Ann Siang Hill

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Ann Siang Hill, Chinatown, Singapore.

Ann Siang Hill (Chinese: 安详山) is a small hill, and the name of a one-way road located in Chinatown within the Outram Planning Area in Singapore. The road links Club Street and Ann Siang Road (安祥路) to South Bridge Road.

Ann Siang Road connects Ann Siang Hill to Kadayanallur Street.

Etymology and history[edit]

Ann Siang Hill, located off South Bridge Road, was the site of the house and estate of Chia Ann Siang (谢安祥; 1832–1892), a wealthy Malacca-born Hokkien Chinese sawmiller. Chia joined British firm Boustead and Company (now known as Boustead Singapore today) in 1848. The company traded in natural resources, spices, coconut, tobacco, tin, tea and silk. Boustead's ships plied the China-Europe routes in the early days. After eight years on the job, Chia was promoted to chief produce storekeeper. He retired in 1890 after over 40 years of service in the company, and went into the timber business. He also became a partner of the firm Geok Teat and Company in 1863. After he became a wealthy landowner and one of the leading merchants of his time, he acquired both Ann Siang Hill and Mount Erskine.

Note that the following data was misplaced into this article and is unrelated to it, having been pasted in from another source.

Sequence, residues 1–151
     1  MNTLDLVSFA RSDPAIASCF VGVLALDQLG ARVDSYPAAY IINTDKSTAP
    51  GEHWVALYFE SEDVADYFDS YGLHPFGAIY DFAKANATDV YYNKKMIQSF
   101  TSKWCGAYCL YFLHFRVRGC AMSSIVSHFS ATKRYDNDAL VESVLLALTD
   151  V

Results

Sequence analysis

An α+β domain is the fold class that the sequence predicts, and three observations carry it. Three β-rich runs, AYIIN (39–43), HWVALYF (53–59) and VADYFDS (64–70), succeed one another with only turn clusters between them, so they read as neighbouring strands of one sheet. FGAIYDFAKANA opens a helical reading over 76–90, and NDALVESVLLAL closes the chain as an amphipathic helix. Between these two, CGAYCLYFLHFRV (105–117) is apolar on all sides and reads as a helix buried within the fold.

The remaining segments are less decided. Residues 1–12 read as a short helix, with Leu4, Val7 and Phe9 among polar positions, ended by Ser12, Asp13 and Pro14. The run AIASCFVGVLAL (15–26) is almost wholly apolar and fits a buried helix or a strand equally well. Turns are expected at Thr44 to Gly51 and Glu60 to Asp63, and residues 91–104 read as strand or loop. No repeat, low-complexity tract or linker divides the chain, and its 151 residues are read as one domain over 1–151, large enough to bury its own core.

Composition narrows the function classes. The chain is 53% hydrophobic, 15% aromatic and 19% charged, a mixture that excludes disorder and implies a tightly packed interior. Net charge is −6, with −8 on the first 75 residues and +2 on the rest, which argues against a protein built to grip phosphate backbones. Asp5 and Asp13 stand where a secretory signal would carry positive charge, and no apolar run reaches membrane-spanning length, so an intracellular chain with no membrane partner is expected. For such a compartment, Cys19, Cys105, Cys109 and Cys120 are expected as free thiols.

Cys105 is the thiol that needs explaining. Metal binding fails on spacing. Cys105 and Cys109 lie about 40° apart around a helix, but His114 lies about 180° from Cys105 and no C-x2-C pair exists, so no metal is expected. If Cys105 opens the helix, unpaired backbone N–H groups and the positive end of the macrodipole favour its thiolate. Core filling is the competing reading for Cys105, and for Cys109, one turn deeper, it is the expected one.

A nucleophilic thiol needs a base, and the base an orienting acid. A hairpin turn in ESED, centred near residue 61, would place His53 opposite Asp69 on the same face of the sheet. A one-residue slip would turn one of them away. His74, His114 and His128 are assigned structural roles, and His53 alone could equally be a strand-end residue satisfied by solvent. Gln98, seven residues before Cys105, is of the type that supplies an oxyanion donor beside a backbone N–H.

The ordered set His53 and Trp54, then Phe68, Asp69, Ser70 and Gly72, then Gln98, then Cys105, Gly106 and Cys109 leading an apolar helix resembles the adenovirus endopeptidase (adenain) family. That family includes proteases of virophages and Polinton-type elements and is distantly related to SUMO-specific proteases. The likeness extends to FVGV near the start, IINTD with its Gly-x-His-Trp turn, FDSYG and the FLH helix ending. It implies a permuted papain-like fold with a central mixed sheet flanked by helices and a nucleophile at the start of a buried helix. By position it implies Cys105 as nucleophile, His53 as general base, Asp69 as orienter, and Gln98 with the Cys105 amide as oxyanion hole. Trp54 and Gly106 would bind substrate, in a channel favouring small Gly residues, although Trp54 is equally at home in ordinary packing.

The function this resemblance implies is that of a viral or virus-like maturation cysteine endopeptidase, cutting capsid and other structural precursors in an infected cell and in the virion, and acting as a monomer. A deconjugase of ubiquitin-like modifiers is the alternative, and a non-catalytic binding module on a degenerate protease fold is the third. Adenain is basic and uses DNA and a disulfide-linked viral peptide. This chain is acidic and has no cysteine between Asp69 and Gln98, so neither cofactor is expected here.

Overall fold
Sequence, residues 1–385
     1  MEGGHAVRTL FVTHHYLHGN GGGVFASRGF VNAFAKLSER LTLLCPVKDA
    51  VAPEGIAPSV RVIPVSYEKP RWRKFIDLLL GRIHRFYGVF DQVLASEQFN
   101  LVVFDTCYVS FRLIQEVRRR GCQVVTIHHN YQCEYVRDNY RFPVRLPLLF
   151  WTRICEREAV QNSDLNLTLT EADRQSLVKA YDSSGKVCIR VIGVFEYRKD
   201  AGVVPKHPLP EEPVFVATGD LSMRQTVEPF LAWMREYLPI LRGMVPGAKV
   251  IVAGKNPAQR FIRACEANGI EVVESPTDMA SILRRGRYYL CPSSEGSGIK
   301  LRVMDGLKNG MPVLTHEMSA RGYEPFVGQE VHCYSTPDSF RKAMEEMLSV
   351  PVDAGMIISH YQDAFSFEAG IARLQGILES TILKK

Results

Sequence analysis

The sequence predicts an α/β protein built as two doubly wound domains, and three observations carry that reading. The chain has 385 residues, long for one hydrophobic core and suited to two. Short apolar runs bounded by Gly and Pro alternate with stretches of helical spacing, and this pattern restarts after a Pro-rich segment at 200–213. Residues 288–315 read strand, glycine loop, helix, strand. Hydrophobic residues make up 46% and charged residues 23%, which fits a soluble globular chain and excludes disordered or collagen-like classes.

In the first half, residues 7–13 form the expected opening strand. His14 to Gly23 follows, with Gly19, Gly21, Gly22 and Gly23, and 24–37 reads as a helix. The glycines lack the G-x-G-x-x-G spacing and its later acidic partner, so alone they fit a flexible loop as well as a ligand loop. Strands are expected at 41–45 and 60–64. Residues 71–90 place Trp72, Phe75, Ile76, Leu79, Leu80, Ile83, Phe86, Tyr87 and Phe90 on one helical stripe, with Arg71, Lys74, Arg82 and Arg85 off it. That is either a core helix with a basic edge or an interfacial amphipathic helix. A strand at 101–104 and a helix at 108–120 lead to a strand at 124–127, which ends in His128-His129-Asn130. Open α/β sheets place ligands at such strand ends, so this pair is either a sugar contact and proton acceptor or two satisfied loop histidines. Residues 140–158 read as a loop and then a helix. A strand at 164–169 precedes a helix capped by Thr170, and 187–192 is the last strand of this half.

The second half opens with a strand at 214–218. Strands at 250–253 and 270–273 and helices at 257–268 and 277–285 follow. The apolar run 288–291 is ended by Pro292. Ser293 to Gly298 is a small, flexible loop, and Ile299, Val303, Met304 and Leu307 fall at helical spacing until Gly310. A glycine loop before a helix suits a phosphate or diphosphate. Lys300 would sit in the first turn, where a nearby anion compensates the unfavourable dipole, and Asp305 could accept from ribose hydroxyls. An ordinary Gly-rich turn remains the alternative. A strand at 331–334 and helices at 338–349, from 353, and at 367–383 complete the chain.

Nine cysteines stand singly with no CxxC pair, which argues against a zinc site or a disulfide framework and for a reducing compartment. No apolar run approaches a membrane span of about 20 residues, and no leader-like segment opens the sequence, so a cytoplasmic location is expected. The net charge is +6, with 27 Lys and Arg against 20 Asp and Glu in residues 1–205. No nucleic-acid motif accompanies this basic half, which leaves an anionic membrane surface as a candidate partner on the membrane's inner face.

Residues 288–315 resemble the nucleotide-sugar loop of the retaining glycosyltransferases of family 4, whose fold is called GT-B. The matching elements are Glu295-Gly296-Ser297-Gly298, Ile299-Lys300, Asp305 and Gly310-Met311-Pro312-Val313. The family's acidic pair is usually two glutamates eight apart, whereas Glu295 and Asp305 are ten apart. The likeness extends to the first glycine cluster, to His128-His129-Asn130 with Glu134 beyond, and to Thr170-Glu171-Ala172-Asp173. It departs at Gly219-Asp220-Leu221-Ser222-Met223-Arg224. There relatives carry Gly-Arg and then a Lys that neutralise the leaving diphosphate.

Before Chia bought the area, the hill was known as Gemmill's Hill after John Gemmill, a merchant and former auctioneer, and before that Scott's Hill, after its original owner Charles Scott, who cultivated nutmegs and cloves in the area.

The foot of the area between Ann Siang Hill and Mount Erskine, where South Bridge Road meets Neil Road and Tanjong Pagar Road (the site of the Metropole Theatre, now the Fairfield Methodist Church), was one of the earliest Cantonese Chinese burial grounds. The graveyard was in use up to 1867, exhumed in 1907 and part of the area, together with Mount Wallich, used for the Telok Ayer reclamation project.

The Chinese used to call this area qing shan ting. The early Chinese immigrants visited Ann Siang Hill when they wanted to send money home to their families in China, as it was the traditional site of remittance houses. Letter writers and calligraphers also had their businesses at the five-foot way of the shophouses to help the illiterate immigrants write letters home.

Most of the houses in Ann Siang Hill and along Ann Siang Road were built between 1903 and 1941. Ann Siang Road, which has elegantly restored shophouses today, was once the traditional home of clan associations and exclusive social clubs.

See also[edit]

References[edit]

  • Victor R Savage, Brenda S A Yeoh (2004), Toponymics - A Study of Singapore Street Names, Eastern University Press, ISBN 981-210-364-3
  • National Heritage Board (2006), Discover Singapore - Heritage Trails, ISBN 981-05-6433-3

External links[edit]